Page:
What’s For Supper?

Having just returned from eating my through Macon and Savannah Georgia, I find myself inspired by the epicurean delights I enjoyed. Yes, along the way I had the obligatory Chic-Fil-A Sandwich and, of course, one of their chocolate milk shakes. Large? Of course, I’m a growing boy. But in Macon it was Lamb Chops with Whipped Potatoes (they are whipped, not mashed, when there’s a linen napkin involved), and a healthy pour of Blanton’s Single Barrel Bourbon thanks to Daniel, bartender and co-owner of Nathalia’s. In Savannah it was Crab Cakes, Shrimp and Grits. And another order of bread pudding at Bedford’s in the Historic District. Yes, we’ve come a long way in the Deep South. But there’s still nothing like some tried and true Southern Soul Food.

Now I’m sure you know all about our Fried Chicken, Greens (turnip and collards), and gravy. But what do you really know about essential Southern food like Saltines, Potted Meat, and Beanie Weenie? No, they are not on the USDA’s food pyramid. Any self-respecting Southern Boy finds this a bit disquieting. Where is mayonnaise? And what of “country fried steak” and mashed ‘taters? Mashed taters, by the way, have lumps, but the butter and whole milk far overshadows any issues with texture. Without these foods I would never have been able to manage my pre-teen insecurities. It was to these delicacies, canned, wrapped in cellophane, or battered and deep-fried that comforted me in my youth. Who needs Xanax or friends for that matter, when a saltine cracker topped with mayonnaise and a sliced Vienna Sausage are in the cabinet.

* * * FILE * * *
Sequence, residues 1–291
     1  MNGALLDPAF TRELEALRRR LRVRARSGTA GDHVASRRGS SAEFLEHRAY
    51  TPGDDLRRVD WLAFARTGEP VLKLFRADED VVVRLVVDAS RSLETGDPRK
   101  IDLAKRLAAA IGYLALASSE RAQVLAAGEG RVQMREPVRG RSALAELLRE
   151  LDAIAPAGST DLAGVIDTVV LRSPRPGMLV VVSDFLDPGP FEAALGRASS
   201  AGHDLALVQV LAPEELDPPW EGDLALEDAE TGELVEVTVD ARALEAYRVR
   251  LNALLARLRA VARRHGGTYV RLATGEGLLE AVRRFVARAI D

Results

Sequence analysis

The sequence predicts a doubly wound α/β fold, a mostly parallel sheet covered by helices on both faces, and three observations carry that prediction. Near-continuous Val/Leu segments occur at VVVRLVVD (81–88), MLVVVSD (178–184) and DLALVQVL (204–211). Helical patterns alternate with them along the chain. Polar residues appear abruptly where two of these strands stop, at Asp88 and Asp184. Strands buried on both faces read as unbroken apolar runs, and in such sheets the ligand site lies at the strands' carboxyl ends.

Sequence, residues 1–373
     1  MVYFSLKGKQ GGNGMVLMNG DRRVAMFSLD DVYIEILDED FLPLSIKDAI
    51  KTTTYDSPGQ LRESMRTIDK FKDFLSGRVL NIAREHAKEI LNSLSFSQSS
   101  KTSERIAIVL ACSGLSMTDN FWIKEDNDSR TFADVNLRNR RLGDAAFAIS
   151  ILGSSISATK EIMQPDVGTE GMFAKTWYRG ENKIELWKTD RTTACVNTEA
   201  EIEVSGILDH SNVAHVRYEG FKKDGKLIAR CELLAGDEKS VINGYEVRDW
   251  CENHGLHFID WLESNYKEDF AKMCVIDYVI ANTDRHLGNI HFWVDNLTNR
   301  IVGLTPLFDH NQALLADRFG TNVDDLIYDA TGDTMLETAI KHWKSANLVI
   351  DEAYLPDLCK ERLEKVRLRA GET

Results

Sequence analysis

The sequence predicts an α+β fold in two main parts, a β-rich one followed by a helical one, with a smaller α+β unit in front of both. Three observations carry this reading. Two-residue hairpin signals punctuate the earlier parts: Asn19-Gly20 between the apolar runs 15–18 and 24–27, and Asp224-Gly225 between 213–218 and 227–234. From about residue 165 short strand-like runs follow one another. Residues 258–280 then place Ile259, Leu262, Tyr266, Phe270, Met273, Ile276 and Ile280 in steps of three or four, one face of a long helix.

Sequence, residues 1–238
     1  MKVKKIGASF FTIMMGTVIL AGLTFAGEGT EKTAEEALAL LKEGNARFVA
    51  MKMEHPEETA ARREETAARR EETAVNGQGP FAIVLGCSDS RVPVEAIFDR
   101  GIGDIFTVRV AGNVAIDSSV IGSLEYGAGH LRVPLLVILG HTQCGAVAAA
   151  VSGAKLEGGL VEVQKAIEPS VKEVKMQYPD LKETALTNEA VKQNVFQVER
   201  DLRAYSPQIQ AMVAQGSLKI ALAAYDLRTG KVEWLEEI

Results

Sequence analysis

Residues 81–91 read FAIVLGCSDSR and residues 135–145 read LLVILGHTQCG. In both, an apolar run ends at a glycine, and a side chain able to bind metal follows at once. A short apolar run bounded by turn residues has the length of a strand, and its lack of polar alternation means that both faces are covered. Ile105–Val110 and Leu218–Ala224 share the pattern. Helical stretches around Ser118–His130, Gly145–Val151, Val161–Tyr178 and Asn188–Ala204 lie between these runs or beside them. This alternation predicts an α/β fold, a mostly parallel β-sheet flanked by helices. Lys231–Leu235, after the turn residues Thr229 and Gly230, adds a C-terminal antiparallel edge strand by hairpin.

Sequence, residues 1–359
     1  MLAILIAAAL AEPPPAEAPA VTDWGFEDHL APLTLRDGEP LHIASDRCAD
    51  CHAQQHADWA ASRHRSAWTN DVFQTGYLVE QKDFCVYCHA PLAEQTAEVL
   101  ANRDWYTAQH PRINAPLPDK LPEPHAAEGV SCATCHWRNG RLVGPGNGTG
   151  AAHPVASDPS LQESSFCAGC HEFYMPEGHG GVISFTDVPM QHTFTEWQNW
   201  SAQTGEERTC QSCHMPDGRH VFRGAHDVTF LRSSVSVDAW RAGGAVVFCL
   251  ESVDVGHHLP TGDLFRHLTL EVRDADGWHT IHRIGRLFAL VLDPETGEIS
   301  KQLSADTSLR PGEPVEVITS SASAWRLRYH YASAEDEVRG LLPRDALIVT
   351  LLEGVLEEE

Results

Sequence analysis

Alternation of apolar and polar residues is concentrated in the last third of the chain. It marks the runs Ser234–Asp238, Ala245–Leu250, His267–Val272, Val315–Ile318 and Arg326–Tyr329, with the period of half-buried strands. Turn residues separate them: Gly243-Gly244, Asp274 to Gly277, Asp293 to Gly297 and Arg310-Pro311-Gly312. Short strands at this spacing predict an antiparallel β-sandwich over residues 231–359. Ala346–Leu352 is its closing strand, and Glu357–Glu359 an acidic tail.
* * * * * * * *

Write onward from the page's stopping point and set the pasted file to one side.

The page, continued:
Somewhere in the winter of 1968, I must admit, I put on a lot of weight. But none of these foods are to blame. We had moved to Augusta, Maine when I was 8 years old. In Maine they eat “lobstah”, scrapple, and home fries. They have “clam chowdah” and “rhubarb pie.” Rhubarb Pie? (Recipe? First, dig up some red weeds. Second, ad enough sugar to disguise the taste of the rhubarb.) So it wasn’t those comfort foods that did me in. It was the Ding Dongs, Ho-Ho’s and Twinkies. I’m sure these foods were all developed somewhere north of the Mason-Dixon Line.   They may even be from the Devil. I cannot say for sure.   I do remember they had Spam in Maine and they fried it for sandwiches rather than baloney (please, not bologna!) but they didn’t top it with a slice of American Cheese.

I only began to trim down when we moved back South to Northern Virginia. Some suggest it was the result of a six-inch growth spurt in about 14 months. I’m sure it was the availability of the sodium dense delicacies I craved. Alas, I no longer indulge in these simple pleasures. I’m victim to conspiracy amongst cardiologists, organic gardeners and Dr. Oz. Now it’s only the occasional hot dog I sneak when I’m far enough ahead of my wife at Costco get away with it.   Now, what’s for dinner?

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